This library is a comprehensive collection of national and international good practice, policy, legal and academic publications, reports and resources on children and young people’s participation in decision-making.
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Comhairle na nÓg Case Study
This case study explores the operation of Comhairle na nÓg as a governmental citizen engagement initiative. It begins by outlining what is meant by citizen engagement and why this is particularly important in the area of children and young people’s participation. The study examines the origins and evolution of Comhairle na nÓg. Having outlined the administration and organisation of the organisation, the study examines the particular strengths of Comhairle na nÓg as well as considering the key challenges facing Comhairle na nÓg engagement efficacy. Readers of this case study can expect to understand the operation and implementation of Comhairle na nÓg as a citizen engagement activity in its own right; but also in terms of the integration of children and young people’s voices into the broader governance and engagement agenda at a local level.
Giving young people in care a voice in decision making
Social workers at Southern Eastern Health and Social Care Trust found a new way to gather the views of young people who are in care, to support decision making at their looked-after-child review meetings. They started using the Mind Of My Own app, as featured in our ‘Bottoms up’ film. Here we look at how the project came about and what was involved.
Youth Participation in the Health Behaviour in School-aged Children Study
HBSC aims to drive youth participation as standard in adolescent research and to provide data that are meaningful to young people, are reflective of current lifestyles, and are of value to policy and program development. Further to significant benefits within the research process, the active and meaningful involvement of young people results in important and positive impacts on youth themselves. Underscoring our commitment to young people across all participating member countries, we work within the HBSC network to collaborate in theorizing on relevant issues in youth participation, cocreating participative research methodologies, supporting one another in the application of theory, and method and promoting opportunities for dissemination and debate.
Youth engagement in HBSC forms a unique combination of integrated knowledge translation and Public and Patient Involvement in health-related research, drawing on elements of both of these approaches. Evidence of impact on policy and practice has been clearly demonstrated, but challenges remain in convincing research funding bodies, journal editors, and some researchers that engaging youth is of sufficient value and interest.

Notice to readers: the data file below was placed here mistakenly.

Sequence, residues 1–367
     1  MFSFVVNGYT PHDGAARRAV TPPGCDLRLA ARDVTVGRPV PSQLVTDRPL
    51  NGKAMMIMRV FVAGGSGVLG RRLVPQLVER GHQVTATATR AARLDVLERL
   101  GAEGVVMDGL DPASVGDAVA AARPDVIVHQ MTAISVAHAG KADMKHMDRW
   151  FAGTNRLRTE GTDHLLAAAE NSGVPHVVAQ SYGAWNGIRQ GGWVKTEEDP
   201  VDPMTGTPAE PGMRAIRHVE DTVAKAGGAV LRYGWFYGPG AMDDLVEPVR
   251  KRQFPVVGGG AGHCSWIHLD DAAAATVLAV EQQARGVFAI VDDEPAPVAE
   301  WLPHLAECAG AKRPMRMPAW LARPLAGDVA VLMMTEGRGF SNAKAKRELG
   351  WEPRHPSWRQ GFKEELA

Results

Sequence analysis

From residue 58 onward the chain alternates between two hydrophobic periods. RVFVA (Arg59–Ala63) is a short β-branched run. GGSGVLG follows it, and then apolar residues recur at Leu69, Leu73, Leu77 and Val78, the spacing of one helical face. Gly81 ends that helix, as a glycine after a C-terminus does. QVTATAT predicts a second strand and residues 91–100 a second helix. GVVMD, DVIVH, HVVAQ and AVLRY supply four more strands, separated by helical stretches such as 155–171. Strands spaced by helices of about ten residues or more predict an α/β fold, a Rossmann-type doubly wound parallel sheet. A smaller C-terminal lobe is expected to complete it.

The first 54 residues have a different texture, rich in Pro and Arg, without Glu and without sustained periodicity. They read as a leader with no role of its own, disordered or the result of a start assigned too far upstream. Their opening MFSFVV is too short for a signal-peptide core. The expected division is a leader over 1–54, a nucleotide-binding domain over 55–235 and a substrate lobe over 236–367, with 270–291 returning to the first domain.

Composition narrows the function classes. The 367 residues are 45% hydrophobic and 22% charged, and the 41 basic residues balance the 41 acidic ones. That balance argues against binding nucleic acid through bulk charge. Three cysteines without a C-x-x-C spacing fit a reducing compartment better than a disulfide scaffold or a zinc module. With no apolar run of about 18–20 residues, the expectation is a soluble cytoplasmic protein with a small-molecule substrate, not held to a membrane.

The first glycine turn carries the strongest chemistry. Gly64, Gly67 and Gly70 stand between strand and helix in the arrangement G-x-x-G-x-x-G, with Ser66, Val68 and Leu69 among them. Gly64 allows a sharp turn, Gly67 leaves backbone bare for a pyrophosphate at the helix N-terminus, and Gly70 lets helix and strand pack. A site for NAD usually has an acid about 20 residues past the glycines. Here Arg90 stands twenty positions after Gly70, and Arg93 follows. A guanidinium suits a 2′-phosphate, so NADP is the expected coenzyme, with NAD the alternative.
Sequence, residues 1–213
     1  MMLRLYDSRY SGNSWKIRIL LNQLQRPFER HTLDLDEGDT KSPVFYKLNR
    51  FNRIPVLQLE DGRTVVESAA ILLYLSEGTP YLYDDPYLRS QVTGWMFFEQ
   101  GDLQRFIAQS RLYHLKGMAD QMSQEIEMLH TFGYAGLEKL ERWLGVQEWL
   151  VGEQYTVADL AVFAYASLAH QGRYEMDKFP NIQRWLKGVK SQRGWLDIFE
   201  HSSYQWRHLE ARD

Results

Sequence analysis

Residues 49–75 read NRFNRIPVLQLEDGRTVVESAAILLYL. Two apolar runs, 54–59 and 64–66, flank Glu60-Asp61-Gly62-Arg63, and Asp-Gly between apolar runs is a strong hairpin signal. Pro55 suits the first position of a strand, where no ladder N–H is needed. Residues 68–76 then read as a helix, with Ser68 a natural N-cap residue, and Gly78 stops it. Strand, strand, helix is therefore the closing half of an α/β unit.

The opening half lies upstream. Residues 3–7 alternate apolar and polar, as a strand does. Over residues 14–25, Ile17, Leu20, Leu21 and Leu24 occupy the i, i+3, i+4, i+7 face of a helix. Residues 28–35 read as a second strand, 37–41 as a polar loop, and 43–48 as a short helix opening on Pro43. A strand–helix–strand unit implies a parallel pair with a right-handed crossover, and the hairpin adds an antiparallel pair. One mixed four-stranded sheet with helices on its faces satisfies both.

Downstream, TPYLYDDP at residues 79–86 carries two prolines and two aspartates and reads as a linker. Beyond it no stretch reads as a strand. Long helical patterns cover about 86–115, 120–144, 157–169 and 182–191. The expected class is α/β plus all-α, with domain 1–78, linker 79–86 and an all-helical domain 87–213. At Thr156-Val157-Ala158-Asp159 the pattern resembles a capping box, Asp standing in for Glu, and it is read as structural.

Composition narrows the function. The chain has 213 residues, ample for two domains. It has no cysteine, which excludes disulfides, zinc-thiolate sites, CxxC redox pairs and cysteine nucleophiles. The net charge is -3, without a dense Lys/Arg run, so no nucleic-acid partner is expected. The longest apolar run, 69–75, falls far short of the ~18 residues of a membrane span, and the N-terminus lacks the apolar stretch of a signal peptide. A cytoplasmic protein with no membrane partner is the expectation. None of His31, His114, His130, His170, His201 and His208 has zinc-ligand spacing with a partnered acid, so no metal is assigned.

Local Participation Practice Guidelines – Sligo Leitrim CYPSC
In 2016, the Sligo Leitrim CYPSC 'Education/School Age Childcare' Working Group and the 'Early Years' Working Group came together to develop a "Youth Participation Lab" and successfully sourced funding under the Tusla Seed Funding for Participatory Practice Initiatives. The role is now the responsibility of the CYPSC 'Connected, Respected and Contributing to their World' Working Group. The thrust of this project was to enable consultation with children and young people in Sligo and Leitrim to ensure their voices are heard in relation to the quality of services they receive; their involvement in the planning of services; and decision-making in relation to the development of services. The project aimed to develop common tools and practice under the four ‘Quadrants’ of the Lundy Model to support engagement with children and young people in Sligo and Leitrim, by the organisations, agencies and groups they are part of. The resultant project, 'Local Participation Practice Guidelines' was developed and launched in 2018. The guideline as a resource, is broken down into age categories: Pre-school Aged Children 3 - 5 years; Primary School Aged Children 5 - 12 years; and Post Primary School Aged Children and Young People 12 - 18 years.
No Place Like Home; Children’s views and experiences of living in Family Hubs
No Place Like Home is a report by the Ombudsman for Children’s Office outlining children’s views and experiences of living in Family Hubs. The views of 80 children living in eight Family Hubs in Dublin, Cork and Limerick are represented in No Place Like Home. The OCO consulted with children between the ages of 5 and 17, as well as with parents of children under 5. Children were asked what they liked, what they found challenging and what they would change about Family Hubs.
First Annual Report on the implementation of the Lesbian Gay Bisexual Transgender Intersex (LGBTI+) National Youth Strategy 2018–2020
This review shows the progress that has been made across all Government Departments and Agencies to meet this aim. The actions initiated in the first year of implementation have focused on the lives of LGBTI+ young people across a range of sectors, particularly in education, health, and safe and inclusive spaces, with a particular focus on the issues faced by trans young people.
Children’s participation in national policymaking: “You’re so adorable, adorable, adorable! I’m speechless; so much fun!”